Scientist find ‘mystery’ chemicals in the umbilical cords of pregnant women.
“Fifty-five chemicals never before reported in humans were found in pregnant women,” according to a study from the University of California in San Francisco (UCSF). The researchers believe these contaminants come either from industrial or consumer products that are commonly used by expecting mothers. Their findings were published online in Environmental Science and Technology.
First authors Aolin Wang, PhD, and Dimitri Panagopoulos Abrahamsson, PhD, postdoctoral fellows in UCSF’s obstetrics and gynecology department, and colleagues found “109 chemicals in the blood of pregnant women, including 42 ‘mystery chemicals’ whose sources and uses are not known.”
Tracey Woodruff, PhD, study author and professor, OB-GYN, reproductive sciences, University of California San Francisco, said the goal was to find better ways to detect these environmental contaminants. She added that although she was not surprised with the findings, it is still “disturbing” that this many were found, adding, “Unfortunately, [we were] not surprised by the total number of chemicals as we’ve suspected they’ve been there. We’ve just struggled to identify them. The number of mystery chemicals that we can’t identify sources or uses for is very disturbing.”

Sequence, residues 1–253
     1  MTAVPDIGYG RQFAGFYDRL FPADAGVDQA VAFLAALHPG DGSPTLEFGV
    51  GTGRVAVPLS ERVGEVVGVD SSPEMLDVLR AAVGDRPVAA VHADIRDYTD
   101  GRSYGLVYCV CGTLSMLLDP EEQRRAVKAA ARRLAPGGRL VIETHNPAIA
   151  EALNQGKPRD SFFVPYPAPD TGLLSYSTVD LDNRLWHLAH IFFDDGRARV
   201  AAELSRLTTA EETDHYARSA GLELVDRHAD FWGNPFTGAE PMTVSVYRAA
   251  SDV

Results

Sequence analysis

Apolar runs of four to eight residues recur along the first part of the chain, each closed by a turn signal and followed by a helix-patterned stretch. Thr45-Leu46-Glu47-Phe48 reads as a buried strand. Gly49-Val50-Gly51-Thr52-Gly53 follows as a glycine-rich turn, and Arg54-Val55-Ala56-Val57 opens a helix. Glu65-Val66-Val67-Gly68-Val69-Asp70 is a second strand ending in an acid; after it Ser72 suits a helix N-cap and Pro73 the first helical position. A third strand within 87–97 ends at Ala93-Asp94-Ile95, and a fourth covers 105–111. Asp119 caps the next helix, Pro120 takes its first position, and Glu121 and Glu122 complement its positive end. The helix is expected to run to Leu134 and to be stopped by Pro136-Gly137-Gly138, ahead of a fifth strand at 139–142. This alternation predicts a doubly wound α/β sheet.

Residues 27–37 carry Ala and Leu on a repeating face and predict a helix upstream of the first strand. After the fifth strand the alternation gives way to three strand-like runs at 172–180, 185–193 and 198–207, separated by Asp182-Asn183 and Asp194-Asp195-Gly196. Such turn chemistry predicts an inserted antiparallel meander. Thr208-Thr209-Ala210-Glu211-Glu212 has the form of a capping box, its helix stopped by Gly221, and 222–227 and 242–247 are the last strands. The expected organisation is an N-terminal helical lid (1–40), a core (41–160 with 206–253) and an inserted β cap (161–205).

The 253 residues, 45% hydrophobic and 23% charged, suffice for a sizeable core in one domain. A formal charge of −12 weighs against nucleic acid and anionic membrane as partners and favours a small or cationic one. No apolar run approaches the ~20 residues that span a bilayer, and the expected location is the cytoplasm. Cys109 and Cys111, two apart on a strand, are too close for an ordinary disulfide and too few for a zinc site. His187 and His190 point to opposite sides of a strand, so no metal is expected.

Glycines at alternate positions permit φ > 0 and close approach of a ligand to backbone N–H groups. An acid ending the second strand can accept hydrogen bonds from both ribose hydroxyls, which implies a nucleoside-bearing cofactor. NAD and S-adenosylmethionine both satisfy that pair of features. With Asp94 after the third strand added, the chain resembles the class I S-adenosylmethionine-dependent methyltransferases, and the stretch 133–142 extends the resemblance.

For their study, the team “observed 60 blood samples (30 from pregnant women and 30 from their umbilical cords), from which 662 chemical signatures were revealed when it hit positive ions and 778 negative ions.” Similar samples were combined and after sorting through them, “109 unique findings were identified.” The chemicals were also found in their offspring, tests from umbilical cord blood revealed. This means, the chemicals passed through the placenta.
Among the findings, “40 are used as plasticizers, 28 are used in cosmetics, another 25 are used in consumer products, 29 as pharmaceuticals, 23 as pesticides, three as flame retardants, and seven are PFAS [per- and polyfluoroalkyl substances] compounds used in multiple applications including carpeting and upholstery, the authors report,” the authors reported.
“It’s very concerning that we are unable to identify the uses or sources of so many of these chemicals,” Woodruff, a former U.S. Environmental Protection Agency (EPA), scientist said. “EPA must do a better job of requiring the chemical industry to standardize its reporting of chemical compounds and uses. And they need to use their authority to ensure that we have adequate information to evaluate potential health harms and remove chemicals from the market that pose a risk. We know it’s a chemical registered to be manufactured and it’s used in commerce, but we don’t know where.” Thus, she added, “Exposures are occurring without our consent.”
Another recent study examining women’s breast milk contaminants detected the PFAS in all 50 samples tested. The findings “are cause for concern” and highlight a potential threat to newborns’ health, the study’s authors said.
“The study shows that PFAS contamination of breast milk is likely universal in the U.S., and that these harmful chemicals are contaminating what should be nature’s perfect food,” explained Erika Schreder, a co-author and science director with Toxic Free Future.